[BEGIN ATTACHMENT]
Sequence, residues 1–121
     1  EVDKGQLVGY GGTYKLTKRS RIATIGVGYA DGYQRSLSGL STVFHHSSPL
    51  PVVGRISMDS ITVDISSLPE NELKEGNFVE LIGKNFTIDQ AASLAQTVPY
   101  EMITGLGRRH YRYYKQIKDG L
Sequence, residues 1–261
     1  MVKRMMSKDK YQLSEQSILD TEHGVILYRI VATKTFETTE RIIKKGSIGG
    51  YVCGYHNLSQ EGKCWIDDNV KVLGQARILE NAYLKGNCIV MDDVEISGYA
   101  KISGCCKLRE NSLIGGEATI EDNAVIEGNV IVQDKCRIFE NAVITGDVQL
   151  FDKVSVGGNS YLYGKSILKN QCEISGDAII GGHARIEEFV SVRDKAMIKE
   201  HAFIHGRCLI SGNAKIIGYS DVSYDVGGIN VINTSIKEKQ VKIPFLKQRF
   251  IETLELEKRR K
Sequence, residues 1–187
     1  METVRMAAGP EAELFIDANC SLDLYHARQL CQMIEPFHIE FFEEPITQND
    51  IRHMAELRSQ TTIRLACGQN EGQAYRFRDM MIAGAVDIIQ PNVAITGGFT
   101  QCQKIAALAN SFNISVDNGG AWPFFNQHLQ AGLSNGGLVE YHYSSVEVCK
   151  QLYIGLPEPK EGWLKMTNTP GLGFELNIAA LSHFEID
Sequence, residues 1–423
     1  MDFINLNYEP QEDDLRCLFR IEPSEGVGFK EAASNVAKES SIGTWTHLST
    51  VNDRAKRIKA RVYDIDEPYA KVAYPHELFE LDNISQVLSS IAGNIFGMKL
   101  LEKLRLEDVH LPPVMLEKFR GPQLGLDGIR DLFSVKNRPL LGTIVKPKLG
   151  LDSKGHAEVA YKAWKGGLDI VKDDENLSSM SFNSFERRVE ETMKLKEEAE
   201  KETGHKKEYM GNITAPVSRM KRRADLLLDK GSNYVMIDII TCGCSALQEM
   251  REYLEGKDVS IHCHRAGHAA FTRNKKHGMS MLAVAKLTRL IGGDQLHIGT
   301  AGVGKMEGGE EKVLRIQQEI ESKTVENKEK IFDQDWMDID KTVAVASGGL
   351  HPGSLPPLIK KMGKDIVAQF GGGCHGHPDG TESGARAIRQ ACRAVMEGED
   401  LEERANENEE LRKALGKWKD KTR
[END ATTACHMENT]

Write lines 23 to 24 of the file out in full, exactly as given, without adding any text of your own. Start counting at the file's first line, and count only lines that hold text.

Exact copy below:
   251  REYLEGKDVS IHCHRAGHAA FTRNKKHGMS MLAVAKLTRL IGGDQLHIGT
   301  AGVGKMEGGE EKVLRIQQEI ESKTVENKEK IFDQDWMDID KTVAVASGGL